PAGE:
Legalize Psychedelics? The Results Are In.

Legalize Psychadelics Debate

First off, we at Open to Debate would like to extend a warm thank you to all of those who attended and cast their votes during the premier and nationwide broadcasts of our most recent hotly contested debate: Legalize Psychedelics. It drew audiences and reporters from across the country. And with Oregon last year becoming the first state to decriminalize drugs and legalize psilocybin therapy; Peter Thiel having recently invested big in a psychedelic startup; and Mass General Hospital having just launched a new research center dedicated exclusively to the study of these substances, psychedelics are clearly a topic on the minds of many.

And of course, we couldn’t have had such a compelling exchange of ideas without the participation of our esteemed debaters: Rick Doblin, Jeffrey Lieberman, Bia Labate, and Kevin Sabet.

Now, onto the results. (Remember, our victor is determined by which team changed the most minds).

Arguing against the motion, Jeffrey Lieberman and Kevin Sabet pulled up their vote tally to 30%, after starting in pre-debate voting at just 11%. Whereas, arguing for the motion, Rick Doblin and Bia Lebate dropped to 62%, after starting in pre-debate voting at 74%.

The winner is…

But the real winner here, as we like to say, is debate itself. The ability to bring these premium events to the broader public, where a healthy exchange of ideas and dissenting opinions offer a deeper and more nuanced understanding of the issues that affect our lives, is something we value quite a bit at Open to Debate. Just the capacity to change minds in these polarizing times is something extraordinary.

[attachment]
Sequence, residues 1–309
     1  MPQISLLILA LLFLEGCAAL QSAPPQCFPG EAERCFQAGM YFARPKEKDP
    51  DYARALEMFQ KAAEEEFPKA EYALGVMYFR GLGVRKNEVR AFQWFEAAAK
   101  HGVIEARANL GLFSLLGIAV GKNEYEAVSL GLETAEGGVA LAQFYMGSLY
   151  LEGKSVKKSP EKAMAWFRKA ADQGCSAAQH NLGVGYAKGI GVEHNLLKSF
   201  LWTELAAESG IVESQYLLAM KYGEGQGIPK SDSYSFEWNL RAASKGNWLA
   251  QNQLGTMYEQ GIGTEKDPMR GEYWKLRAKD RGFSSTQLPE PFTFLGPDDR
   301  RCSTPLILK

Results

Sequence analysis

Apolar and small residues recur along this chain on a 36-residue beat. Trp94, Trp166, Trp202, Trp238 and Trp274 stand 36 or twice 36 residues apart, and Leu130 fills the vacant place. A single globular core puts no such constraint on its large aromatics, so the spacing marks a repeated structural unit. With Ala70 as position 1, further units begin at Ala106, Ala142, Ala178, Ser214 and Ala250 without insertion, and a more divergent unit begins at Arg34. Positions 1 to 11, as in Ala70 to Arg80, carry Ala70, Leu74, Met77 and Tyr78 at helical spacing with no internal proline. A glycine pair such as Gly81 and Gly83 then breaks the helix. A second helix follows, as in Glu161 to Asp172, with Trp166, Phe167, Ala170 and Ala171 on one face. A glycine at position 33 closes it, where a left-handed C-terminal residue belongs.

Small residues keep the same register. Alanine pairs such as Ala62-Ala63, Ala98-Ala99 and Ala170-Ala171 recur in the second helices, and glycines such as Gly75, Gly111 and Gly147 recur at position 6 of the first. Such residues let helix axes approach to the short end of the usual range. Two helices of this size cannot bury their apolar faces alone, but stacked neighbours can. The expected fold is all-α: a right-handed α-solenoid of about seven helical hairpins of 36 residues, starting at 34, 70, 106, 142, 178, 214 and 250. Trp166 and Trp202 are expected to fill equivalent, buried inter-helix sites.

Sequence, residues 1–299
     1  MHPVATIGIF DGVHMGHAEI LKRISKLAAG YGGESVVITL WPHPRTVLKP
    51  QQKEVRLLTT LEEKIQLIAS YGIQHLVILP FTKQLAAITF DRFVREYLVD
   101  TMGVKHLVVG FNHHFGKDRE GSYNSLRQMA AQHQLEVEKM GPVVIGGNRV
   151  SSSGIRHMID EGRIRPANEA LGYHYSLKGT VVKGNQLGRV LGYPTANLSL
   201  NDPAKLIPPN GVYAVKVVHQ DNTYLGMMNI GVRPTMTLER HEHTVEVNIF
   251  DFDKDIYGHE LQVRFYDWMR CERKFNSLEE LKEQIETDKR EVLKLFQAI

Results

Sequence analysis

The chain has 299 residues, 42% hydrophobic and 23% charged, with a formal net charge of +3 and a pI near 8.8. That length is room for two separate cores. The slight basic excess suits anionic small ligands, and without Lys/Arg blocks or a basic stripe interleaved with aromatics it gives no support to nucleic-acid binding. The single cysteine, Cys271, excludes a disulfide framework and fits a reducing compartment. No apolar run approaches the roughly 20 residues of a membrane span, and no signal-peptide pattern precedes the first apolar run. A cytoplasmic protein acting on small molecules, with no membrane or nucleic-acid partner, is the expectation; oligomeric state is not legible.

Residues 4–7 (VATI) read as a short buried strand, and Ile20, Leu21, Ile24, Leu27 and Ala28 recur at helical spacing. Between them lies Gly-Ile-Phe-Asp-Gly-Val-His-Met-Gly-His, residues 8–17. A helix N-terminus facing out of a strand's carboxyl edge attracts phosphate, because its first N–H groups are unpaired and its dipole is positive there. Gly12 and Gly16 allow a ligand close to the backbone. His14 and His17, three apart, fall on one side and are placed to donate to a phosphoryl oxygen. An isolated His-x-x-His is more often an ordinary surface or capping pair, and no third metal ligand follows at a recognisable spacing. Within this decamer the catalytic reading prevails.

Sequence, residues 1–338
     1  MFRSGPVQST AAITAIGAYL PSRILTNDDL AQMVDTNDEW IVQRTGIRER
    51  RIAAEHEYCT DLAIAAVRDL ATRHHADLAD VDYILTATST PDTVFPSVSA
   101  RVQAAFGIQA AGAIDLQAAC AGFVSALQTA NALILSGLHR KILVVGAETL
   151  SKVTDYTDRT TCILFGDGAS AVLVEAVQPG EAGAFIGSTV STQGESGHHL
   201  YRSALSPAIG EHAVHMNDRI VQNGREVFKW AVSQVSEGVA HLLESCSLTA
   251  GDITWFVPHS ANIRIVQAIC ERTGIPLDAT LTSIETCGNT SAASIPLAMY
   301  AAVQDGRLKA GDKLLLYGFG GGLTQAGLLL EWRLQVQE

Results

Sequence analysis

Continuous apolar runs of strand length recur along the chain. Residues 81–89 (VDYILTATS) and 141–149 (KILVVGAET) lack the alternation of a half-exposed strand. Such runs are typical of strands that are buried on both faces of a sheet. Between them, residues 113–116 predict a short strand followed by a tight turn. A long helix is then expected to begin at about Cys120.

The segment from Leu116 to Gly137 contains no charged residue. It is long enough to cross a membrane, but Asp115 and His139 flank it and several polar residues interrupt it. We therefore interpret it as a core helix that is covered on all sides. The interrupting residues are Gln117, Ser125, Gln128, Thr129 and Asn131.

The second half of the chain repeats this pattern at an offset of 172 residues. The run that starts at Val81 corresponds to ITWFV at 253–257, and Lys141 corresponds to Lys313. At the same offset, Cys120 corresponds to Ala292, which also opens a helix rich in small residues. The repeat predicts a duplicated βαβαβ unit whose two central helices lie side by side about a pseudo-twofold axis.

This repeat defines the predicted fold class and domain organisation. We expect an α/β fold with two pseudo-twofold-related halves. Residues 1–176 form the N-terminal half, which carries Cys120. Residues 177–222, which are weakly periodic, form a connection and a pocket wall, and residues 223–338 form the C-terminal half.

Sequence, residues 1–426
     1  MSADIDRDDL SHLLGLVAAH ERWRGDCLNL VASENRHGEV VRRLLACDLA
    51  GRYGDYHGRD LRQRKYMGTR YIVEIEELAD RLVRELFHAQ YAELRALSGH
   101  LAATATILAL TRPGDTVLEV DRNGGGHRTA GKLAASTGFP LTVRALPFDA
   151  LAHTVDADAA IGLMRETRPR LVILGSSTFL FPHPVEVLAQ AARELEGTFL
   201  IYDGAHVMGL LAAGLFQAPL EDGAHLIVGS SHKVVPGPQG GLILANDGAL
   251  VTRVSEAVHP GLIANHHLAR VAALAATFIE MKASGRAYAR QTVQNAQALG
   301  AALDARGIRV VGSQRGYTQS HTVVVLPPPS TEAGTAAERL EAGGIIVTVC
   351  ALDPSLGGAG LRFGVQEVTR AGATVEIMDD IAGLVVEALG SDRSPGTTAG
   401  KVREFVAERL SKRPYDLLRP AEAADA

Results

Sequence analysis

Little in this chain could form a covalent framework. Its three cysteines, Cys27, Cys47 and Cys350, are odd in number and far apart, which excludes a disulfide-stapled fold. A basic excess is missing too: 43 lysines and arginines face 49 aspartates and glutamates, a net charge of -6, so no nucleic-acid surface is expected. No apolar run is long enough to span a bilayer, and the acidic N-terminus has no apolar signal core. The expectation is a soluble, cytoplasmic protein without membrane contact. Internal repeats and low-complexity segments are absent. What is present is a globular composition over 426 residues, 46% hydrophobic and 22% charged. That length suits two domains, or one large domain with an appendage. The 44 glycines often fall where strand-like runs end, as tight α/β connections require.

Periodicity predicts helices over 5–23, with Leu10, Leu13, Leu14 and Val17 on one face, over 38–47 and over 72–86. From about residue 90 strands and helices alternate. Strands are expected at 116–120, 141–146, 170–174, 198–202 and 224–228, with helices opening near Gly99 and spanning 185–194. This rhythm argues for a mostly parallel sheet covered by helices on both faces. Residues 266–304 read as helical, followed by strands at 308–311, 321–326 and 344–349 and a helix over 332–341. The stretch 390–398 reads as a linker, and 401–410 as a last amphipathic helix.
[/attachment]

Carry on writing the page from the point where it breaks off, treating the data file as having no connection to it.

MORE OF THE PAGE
We also learned a lot from you, our audience, this time around. After the debate, many of you participated in a survey related to the topic at hand. Here’s what we learned: 60% have tried psychedelics, 89% think the “War on Drugs” has failed, and 68% heard the most persuasive argument in the debate during the panel discussion.

That’s all for now. See you on the (virtual) stage. Our next Oxford-style debate is on Taiwan, and whether amidst a rising China, it is indeed defensible.

This should be a good one.


John Donvan
Host, Open to Debate

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